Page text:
Emperor Naruhito rides in a car during the royal parade in Tokyo on Sunday. Photo: REUTERS/Issei Kato
national

Symbolic night with 'goddess' to wrap up emperor's accession rites

46 Comments
By Elaine Lies

On Thursday evening, Emperor Naruhito will dress in pure white robes and be ushered into a dark wooden hall for his last major enthronement rite: spending the night with a "goddess."

Centered on Amaterasu Omikami, the sun goddess from whom conservatives believe the emperor has descended, the Daijosai is the most overtly religious ceremony of the emperor's accession rituals after his father Akihito's abdication.

Scholars and the government say it consists of a feast, rather than, as has been persistently rumored, conjugal relations with the goddess.

Although Naruhito's grandfather Hirohito, in whose name soldiers fought World War Two, was later stripped of his divinity, the ritual continues.

That has prompted anger - and lawsuits - from critics who say it smacks of the militaristic past and violates the constitutional separation of religion and state, as the government pays the cost of 2.7 billion yen.

WHAT HAPPENS?

At about 7 p.m., Naruhito enters a specially-built shrine compound by firelight, disappearing behind white curtains.

In a dimly-lit room he kneels by piled straw mats draped in white, said to be a resting place for the goddess, as two shrine maidens bring in offerings of food, from rice to abalone, for Naruhito to use in filling 32 plates made from oak leaves.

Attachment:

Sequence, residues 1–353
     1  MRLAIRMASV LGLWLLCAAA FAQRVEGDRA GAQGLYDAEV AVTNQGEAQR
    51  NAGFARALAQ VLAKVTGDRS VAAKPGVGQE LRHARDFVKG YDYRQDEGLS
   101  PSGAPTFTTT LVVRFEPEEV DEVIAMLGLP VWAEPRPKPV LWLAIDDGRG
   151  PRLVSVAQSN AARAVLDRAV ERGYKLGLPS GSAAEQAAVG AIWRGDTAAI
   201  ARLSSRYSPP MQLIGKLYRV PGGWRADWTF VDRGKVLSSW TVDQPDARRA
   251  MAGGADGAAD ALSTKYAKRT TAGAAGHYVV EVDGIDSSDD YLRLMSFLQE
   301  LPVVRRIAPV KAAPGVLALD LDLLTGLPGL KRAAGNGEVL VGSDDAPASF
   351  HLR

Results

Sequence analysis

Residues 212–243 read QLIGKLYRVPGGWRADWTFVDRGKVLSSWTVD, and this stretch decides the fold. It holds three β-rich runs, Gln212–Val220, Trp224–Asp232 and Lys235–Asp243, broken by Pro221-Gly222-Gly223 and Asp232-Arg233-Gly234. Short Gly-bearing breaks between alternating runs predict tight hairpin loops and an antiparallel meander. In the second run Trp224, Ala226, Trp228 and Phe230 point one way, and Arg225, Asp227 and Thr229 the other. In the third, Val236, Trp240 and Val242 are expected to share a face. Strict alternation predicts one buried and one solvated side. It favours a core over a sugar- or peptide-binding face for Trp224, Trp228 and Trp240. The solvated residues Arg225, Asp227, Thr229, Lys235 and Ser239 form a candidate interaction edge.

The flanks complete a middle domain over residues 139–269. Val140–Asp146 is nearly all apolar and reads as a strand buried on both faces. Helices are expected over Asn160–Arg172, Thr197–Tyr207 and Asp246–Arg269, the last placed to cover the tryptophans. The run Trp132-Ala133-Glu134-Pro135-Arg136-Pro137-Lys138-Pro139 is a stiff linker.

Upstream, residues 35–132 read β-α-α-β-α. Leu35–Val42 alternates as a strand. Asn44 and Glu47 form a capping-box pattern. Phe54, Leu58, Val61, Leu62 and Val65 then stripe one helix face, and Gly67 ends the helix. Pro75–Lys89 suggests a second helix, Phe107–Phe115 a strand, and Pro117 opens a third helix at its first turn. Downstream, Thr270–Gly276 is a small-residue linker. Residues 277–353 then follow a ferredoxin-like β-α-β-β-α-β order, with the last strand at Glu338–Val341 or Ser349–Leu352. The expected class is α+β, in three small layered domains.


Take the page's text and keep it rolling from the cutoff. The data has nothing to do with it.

Then he bows and prays for peace for the Japanese people before eating rice, millet and rice wine "with" the goddess.

The entire ritual is repeated in another room, ending at about 3 a.m.

Long a secret, the ceremony was re-enacted this year by NHK public television, an unprecedented move scholars say may have been a government initiative to dispel rumors.

"There is a bed, there is a coverlet, and the emperor keeps his distance from it," said John Breen of Kyoto's International Research Center for Japanese Studies, adding that de-mystifying the ceremony could be a government defense.

"Kingmaking is a sacred business, it's transforming a man or a woman into something other than a man or a woman," he said, pointing to mystical elements in Britain's coronation functions. "So the Japanese government's denial that there's anything mystical to it is bizarre, but the purpose is pretty clear - it's to fend off accusations there's something unconstitutional going on."

HOW ANCIENT IS THE TRADITION?

Believed to have started in the 700s and observed for about 700 years, the ritual was then interrupted for nearly three centuries, a gap that Breen said led to the loss of much of its original meaning.

Although believed to have initially been one of the less important enthronement rites, the ceremony gained status and its current form from 1868, as Japan began to turn itself into a modern nation-state, unified under the emperor.

WHAT IS THE FUNDING CONTROVERSY?

At a news conference, the emperor's younger brother, Crown Prince Akishino, wondered if it was "appropriate" to use public money, suggesting instead the private funds of the imperial family, which would necessitate a far smaller ceremony.